This is the tenth installment of the 2013 edition of My Farm Roots, Harvest Public Media’s series chronicling Americans’ connection to the land. Click here to explore more My Farm Roots stories and to share your own.
The U.S. Department of Agriculture predicts the nation’s farmers will deliver a record 3.42 billion bushels of soybeans this year. The USDA is also forecasting that this year for the first time Brazil will overtake the United States as the world’s leading producer of soybeans. That means the pressure is on American soybean farmers like Brian Flatt, 41, to eke out even more soybeans from his fields.
This is the next installment of the My Farm Roots series from theWUIS Harvest Desk.
In 1986, Becky Doyle was helping her husband run the family’s hog farming operation. She also had a sidelight business of marketing gift baskets made from Illinois products. But that wasn’t enough: Doyle decided she would make a run for the Illinois House.
“I was young, naive and thought I could run as a Republican in a district where it was 11:4 Democrat,” Doyle said.
Americans consume a lot of sweets. Even discounting all the high fructose corn syrup you find in soft drinks, the average consumer takes in about 40 pounds of refined sugar in a year, according to the USDA.
That means food companies from Nestle to Hostess and small neighborhood candy stores have to buy sugar. Lots of it. And those bakers and snack food makers say the government gives too much support to sugar growers and consumers are footing the bill.
This week, the WUIS Harvest Desk has been bringing you the series “Changing Lands, Changing Hands,” a series of stories examining the implications of an unrelenting trend: The American farmer is getting older. Our reporting team has been considering the nuances of this demographic shift that affects not just rural America but the power and potential of an entire industry. The latest segment takes us to west central Illinois:
They’re working longer, staying on the land later and continuing to do what they’ve done for decades: heading out day after day after day to work their land.
In 1978, the average age of the American farmer was just over 50. In 2007, it’s creeping toward 60, at just over 57-years-old. What does that mean for the agriculture industry? We went to answer that question by focusing on this massive demographic shift that affects not just rural America but the power and potential of an entire industry.
Part 2 of the Harvest Desk's series Changing Lands, Changing Hands travels to Iowa. Driving out of the town of Panora, in the western part of the state, the winding roads offer broad vistas of rolling hills. Many of the mailboxes along Redwood Road show the name Arganbright. Jim Arganbright grew up in this area, one of 10 children. He and his wife, Beverly, have eight kids.
This is the fifth installment of the 2013 edition of My Farm Roots, Harvest Public Media’s series chronicling Americans’ connection to the land. Click here to explore more My Farm Roots stories and to share your own.
Kelly Hagler, 25, is among the millions of young people who have left rural communities for the bright lights of the city, in this case Chicago.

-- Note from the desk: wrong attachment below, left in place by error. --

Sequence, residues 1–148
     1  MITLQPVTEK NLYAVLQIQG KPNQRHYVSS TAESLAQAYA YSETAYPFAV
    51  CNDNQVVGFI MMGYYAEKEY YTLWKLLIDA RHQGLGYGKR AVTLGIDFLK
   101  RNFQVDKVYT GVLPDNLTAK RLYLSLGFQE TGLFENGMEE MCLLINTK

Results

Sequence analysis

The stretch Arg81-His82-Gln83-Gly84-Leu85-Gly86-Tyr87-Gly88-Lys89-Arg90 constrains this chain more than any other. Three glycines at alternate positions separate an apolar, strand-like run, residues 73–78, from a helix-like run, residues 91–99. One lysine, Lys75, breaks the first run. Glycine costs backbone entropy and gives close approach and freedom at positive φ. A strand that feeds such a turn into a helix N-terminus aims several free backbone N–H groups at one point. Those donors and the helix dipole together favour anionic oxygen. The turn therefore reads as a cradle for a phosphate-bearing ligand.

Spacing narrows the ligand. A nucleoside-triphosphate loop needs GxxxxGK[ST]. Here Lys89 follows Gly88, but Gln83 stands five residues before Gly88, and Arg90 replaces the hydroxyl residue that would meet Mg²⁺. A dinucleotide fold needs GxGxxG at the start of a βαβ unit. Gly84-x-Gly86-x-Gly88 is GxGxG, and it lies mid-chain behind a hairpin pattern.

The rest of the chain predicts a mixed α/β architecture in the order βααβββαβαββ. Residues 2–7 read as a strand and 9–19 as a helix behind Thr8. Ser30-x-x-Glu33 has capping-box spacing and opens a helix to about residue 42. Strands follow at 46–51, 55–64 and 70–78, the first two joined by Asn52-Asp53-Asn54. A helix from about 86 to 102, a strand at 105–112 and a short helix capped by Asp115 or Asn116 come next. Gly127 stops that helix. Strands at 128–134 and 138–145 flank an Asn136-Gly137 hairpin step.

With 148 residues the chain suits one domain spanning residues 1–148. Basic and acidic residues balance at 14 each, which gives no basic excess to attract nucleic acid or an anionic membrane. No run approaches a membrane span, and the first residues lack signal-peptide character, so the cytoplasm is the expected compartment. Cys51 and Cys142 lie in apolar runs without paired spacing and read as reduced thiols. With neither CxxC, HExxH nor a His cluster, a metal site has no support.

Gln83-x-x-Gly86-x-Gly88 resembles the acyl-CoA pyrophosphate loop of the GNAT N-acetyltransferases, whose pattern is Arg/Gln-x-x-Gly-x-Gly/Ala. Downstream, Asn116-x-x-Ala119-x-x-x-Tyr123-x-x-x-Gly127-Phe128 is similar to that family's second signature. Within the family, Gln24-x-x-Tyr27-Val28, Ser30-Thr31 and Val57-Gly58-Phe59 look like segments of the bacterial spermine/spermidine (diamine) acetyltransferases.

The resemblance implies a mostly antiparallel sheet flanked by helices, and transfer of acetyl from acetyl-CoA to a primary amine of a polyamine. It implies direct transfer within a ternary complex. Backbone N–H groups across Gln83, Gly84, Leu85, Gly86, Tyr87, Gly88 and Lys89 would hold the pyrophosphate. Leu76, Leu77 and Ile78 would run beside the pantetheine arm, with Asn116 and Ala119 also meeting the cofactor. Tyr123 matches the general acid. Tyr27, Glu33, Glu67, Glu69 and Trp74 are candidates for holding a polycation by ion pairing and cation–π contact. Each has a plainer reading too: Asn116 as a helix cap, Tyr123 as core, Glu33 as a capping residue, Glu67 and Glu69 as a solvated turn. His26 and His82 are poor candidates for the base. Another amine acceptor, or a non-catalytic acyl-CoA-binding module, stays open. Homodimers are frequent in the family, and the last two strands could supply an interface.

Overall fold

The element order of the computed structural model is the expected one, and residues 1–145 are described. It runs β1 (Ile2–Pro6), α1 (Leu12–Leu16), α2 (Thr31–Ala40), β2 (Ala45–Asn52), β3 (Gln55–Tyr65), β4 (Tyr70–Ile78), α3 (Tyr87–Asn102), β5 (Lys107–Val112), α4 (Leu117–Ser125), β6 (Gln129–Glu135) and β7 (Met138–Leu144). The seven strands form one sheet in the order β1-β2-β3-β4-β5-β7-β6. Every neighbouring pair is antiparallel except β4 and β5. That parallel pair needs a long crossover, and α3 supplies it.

This is the fourth installment of the 2013 edition of My Farm Roots, Harvest Public Media’s series chronicling Americans’ connection to the land. Click here to explore more My Farm Roots stories and to share your own.
Trent Johnson didn’t grow up on a farm, but he was always enamored with the cowboy lifestyle.
Jackie Dougan Jackson grew up like many farm kids. She spent sunbaked summer hours detasseling corn, tending the crops so it can be pollinated. For farm kids, detasseling is one of the ultimate chores. For the 85-year-old Jackson, those memories still put a song in her heart.
Credit Abbie Fentress Swanson/Harvest Public Media
One of the U.S. Geological Survey teams collecting water samples and checking cages for fish eggs in Missouri this summer: biologist Diana Papoulias, chemist Dave Alvarez, hydrologist Peter Van Metre, biologist Diane Nicks and environmental toxicologist Don Tillitt.
Midwest waterways are getting lots of attention this summer. Scientists from the U.S. Geological Survey and the Environmental Protection Agency have immersed themselves in the ecology of 100 streams from Ohio to Nebraska. It’s a first-of-its kind effort to understand how ag runoff is not just changing the water but affecting the critters that live there. Harvest Public Media’s Abbie Fentress Swanson joined a crew on a rainy day while they gathered water samples and searched for fish eggs on three streams in central Missouri.
My Farm Roots, a series from WUIS and Harvest Public Media, tells Americans’ stories and memories of rural life. Because when you hail from farm country, roots run deep. Times are good on the farm right now, but that hasn’t always been true. Many of today’s young farmers grew up in the shadow of the farm crisis on the 1980's and watched as rural areas were ripped apart by debt and foreclosures. Those hard times will always stay with them. Today, an Iowa farmer tells his story:
As Congress fiddles with major farm legislation, there’s a portion of it that gets very little attention. Some say it is a difference-maker for job creation in small rural communities,and provides a boost those towns need.